Wiring Dept. #3

I’m labeling this 1985 issue as Wiring Dept.’s third, but if you want to know the truth, I truly have no idea. I do know that the magazine put out a total of six issues between 1984 and 1986; that I possess four of them; and that the ones that came after this issue were three larger-format tabloids – so therefore my numerical guess is probably as good as any. I bought them in real time, and have somehow managed to hang onto them 37-38 years later.

Wiring Dept. is very much a San Francisco fanzine, for good and for ill (as we discussed here). In a few short weeks I’ll receive my pre-ordered copy of Will York’s forthcoming Who Cares Anyway: Post Punk San Francisco and the End of the Analog Age, and I know that York covers this strange musical interregnum in post-punk, pre-90s San Francisco quite extensively, a time and scene that was somewhat part of my lived experience. Before York’s book, and likely after it, the single best documented representation of the deep post-1985 SF sub-underground was probably Wiring Dept. fanzine, a magazine that is a note-perfect tribute to an ephemeral time and place that truly doesn’t exist in any of its original form any longer. 

In reading it, I can absorb all of the fantastically arty, chaotic, boundary-pushing, dirty, DIY, alcohol-drenched spirit that attracted me like a magnet to San Francisco in the first place. It’s a great picture of the margins of a city I moved to in 1989 the very first chance I got and spent as much time in as possible while away from college in Southern California during the years 1985-89. The magazine was self-published by Eric Cope, a guy who was concurrently in the band called Glorious Din and who ran Insight Records, who put out his own records as well as this very interesting compilation that I bought in the late 80s.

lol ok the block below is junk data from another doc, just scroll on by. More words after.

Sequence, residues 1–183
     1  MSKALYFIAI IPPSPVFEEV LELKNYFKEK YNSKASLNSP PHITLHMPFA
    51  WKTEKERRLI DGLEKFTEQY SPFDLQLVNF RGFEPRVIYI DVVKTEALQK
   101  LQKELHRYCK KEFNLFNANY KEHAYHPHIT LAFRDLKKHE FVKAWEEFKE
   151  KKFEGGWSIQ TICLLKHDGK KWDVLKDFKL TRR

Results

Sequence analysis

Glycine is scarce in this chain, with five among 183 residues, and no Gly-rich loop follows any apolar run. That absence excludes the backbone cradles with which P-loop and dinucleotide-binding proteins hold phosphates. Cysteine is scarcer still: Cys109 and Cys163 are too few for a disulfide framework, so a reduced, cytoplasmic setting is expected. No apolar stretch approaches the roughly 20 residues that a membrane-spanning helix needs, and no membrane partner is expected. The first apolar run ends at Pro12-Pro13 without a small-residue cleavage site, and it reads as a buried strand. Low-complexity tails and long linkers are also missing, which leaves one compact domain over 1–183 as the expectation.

Now I didn’t know a whole lot about this story until it was told to me, but Cope later put out an influential hip-hop magazine called Murder Dog – I vaguely remember it – and by then was going by the name of “Black Dog Bone”. When Sam Lefebvre wrote this piece in Pitchfork about him a few years ago, he borrowed my copies of Wiring Dept. as source material. The Cope/Black Dog Bone story is quite a wild one, and you ought to read it. The intense, insular weirdo described in the piece is very much ever-present in the page of Wiring Dept. Cope liked to take snippets of lyrics, often from Joy Division and even some of his own, and drop them on a page to fill space, while conducting bizarre “interviews” that might take two or three sentences from a chat with a band, and then drop them into his own strange ramblings, non-sequiturs, clipped sentences and half-baked thoughts cooked up in his head that were then instantly typed onto the page and left, unedited. 

Which is an exercise in patience, to be sure. But still! Wiring Dept. transcends its odd format and paints an impressionistic picture of tiny clubs, starving artists, dirty punks and poets and everything that made San Francisco so weirdly wonderful at the time. There are probably 30+ bands profiled in here, some of whom seem to have been formed a week ago; my guess is that Cope was going to loads of shows, and would therefore interview anyone he found halfway interesting. Maybe he taped them; maybe he wrote down answers in “shorthand”, and maybe he just transcribed them from memory the next morning. A partial role call of #3’s interviewees reveals the sound of young San Francisco in 1985: World of Pooh, DRI, Glorious Din, Caroliner Rainbow, The Morlocks, the Fuck-Ups, Faith. No More, Tripod Jimmie, Frightwig, Short Dogs Grow and many, many more. Holding much of this together from a distribution standpoint is Steve Tupper of Subterranean Records, and he is also interviewed.

The impression is that the San Francisco underground has been left to wilt on the vine a bit by record labels, media and everyone else, and it is into this vacuum that Wiring Dept. is attempting to step in and document in its own exceptionally unique manner. I’m therefore very willing to forgive a great deal, because the lump sum of Wiring Dept. #3 is far greater than its parts.

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